If I remember correctly, the word spread somewhat about Queen when they supported Mott the Hoople in late ’73, didn’t it?

“Yes, Queen’s first national tour was supporting Mott. And Mott were big while Queen were emerging, I suppose. But as some of the tales in the book describe on the British tour, on occasions people came away saying Queen had blown Mott away, although others suggest Mott held their own. But what I thought was really nice was that Freddie and Roger were doing backing vocals on one of their songs. So they (Mott) obviously took them under their wing, whether that was Ian Hunter, the band or their management.

“It certainly wasn’t one of those situations where the support band gave the main act a hard time and the main acts fell out with them. And there are many tales of that nature in rock history, of course, where people get kicked off a tour for being too big for their boots. But they went on to tour as support to Mott in America the following year too.”

Have you a favourite story among all these?

“There’s one from the early gigs, I can’t remember the venue now, where the urban myth is that there were only six people in the audience. But the chap who tells the story was in the support band and says, ‘We were the audience – our band of five people and our roadie! They watched us and we watched them and there were no paying customers whatsoever’. And Brian apparently came to see them at a later gig as well, so there was moral support from Brian too … although that other band didn’t go on to any success, as the author readily admits.”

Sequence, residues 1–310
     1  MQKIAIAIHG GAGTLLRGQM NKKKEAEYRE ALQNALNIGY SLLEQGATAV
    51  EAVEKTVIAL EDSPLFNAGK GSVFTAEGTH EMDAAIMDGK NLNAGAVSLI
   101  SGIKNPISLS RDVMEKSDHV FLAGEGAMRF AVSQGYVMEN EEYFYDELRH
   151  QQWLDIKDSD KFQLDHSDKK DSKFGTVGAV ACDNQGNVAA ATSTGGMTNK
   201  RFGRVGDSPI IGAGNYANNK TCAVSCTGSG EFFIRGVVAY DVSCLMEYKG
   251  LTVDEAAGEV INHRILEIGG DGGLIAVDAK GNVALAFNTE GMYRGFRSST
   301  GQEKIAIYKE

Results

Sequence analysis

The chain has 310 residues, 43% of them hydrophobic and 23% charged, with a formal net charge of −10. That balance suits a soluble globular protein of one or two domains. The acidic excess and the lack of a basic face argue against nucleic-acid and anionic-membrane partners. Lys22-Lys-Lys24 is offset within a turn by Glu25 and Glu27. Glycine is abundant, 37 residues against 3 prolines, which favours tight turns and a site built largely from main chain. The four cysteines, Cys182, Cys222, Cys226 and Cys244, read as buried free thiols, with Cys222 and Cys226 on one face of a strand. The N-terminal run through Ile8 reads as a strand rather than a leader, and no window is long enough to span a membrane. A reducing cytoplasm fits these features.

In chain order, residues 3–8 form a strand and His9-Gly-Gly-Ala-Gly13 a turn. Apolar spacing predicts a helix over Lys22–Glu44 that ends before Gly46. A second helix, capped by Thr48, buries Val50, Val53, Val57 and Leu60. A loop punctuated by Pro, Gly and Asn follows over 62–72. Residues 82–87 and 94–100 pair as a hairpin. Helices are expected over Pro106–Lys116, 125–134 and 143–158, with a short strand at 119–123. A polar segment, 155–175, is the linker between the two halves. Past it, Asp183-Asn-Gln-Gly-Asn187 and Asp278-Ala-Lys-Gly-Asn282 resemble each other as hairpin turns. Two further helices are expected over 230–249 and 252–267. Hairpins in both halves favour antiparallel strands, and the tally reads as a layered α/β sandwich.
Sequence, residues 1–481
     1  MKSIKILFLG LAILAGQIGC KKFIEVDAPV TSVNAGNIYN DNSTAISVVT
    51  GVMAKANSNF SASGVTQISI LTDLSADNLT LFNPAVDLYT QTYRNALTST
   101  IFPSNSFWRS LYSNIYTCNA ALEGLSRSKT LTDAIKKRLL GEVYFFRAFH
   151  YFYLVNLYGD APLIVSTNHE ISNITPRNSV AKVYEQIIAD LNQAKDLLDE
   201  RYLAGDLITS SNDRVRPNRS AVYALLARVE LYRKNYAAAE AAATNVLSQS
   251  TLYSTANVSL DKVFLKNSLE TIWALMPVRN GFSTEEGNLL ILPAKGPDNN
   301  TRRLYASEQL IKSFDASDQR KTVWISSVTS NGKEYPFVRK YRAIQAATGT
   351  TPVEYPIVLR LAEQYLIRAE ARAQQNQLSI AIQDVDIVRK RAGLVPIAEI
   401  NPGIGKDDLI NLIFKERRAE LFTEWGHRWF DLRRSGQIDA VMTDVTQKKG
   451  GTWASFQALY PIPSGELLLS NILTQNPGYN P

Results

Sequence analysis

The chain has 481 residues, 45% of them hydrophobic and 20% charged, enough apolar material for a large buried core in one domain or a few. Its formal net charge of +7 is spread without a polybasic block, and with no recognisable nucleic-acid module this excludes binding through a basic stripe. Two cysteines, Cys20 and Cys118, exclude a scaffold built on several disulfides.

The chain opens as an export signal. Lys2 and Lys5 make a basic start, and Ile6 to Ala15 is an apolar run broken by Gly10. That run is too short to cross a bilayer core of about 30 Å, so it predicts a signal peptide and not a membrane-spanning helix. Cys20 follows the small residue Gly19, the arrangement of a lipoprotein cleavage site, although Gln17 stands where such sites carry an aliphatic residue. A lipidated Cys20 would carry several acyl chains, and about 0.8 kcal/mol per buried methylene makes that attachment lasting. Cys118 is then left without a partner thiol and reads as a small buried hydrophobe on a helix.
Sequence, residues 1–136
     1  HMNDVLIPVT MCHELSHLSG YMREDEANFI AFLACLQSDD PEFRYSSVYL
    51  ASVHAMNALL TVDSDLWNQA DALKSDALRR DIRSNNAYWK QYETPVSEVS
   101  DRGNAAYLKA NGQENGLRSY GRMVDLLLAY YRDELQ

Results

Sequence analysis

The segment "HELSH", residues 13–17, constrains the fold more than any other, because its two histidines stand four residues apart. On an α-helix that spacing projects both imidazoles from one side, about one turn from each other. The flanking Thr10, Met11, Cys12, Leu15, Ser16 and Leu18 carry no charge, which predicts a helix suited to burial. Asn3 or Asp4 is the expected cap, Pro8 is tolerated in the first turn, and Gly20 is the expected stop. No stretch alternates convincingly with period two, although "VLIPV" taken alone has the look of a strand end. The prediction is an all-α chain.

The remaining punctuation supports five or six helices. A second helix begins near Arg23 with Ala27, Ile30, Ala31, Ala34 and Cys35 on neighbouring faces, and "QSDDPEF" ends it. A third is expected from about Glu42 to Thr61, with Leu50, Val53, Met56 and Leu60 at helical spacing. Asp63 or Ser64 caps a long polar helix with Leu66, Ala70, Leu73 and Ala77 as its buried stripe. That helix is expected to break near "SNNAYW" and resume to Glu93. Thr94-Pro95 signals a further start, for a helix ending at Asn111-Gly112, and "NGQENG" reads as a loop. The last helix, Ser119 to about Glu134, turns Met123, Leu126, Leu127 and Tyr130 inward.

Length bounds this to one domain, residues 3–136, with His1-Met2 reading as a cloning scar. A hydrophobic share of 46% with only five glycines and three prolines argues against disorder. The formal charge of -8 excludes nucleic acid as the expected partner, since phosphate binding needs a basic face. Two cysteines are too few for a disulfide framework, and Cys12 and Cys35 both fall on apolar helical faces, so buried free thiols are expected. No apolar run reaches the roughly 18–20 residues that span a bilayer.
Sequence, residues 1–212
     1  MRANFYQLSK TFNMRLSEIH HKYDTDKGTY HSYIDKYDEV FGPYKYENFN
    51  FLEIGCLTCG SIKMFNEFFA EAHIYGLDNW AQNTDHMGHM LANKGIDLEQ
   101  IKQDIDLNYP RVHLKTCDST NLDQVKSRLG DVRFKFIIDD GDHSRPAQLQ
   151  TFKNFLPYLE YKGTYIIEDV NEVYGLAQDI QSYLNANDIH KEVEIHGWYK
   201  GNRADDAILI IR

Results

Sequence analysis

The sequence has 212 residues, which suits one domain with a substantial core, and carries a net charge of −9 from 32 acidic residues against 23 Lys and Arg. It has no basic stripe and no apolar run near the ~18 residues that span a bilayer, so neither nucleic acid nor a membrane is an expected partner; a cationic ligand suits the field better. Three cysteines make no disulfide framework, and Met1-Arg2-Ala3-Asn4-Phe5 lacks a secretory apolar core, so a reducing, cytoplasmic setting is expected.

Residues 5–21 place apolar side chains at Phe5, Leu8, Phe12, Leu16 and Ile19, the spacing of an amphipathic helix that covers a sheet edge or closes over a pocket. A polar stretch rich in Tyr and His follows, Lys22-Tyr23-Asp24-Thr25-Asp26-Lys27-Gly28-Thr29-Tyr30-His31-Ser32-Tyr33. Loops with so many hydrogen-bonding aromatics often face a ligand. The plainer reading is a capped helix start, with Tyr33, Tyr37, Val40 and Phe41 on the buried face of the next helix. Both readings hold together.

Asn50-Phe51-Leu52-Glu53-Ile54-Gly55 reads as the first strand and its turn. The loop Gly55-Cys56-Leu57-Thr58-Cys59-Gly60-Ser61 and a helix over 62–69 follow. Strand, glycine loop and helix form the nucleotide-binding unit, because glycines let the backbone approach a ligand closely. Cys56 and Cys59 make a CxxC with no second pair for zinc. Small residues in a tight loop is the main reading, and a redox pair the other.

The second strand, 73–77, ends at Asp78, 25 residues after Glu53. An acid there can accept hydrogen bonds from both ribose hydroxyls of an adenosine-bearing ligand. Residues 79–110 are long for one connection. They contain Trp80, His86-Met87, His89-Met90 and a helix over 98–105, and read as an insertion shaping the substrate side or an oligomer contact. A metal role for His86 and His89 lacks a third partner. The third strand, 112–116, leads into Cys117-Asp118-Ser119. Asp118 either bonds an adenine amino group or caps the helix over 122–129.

And is there a favourite LP or a song that jumps out at you all these years on, taking you back to a certain time and place?

“I’m a big fan of Queen II, all that kind of stuff just really worked as a concept. That’s my favourite album. It’s the guitars, and the whole ‘nobody played synthesiser’ mantra that ran through those early albums. But of course, they use the synth to great effect on songs like ‘Radio Ga Ga’. There’s something there for lots and lots of different fans of different music styles. If you came to the band around the time of The Works, just before they did Live Aid, you could listen to the album and get into them through that and not necessarily go back and appreciate those early albums. But then there’s an anecdote in the book where some fellow said he started listening to Queen II, really liked it, then the penny dropped that there must be a Queen I, so he had to go and look for that as well.”

And what’s next on the horizon for you, book-wise?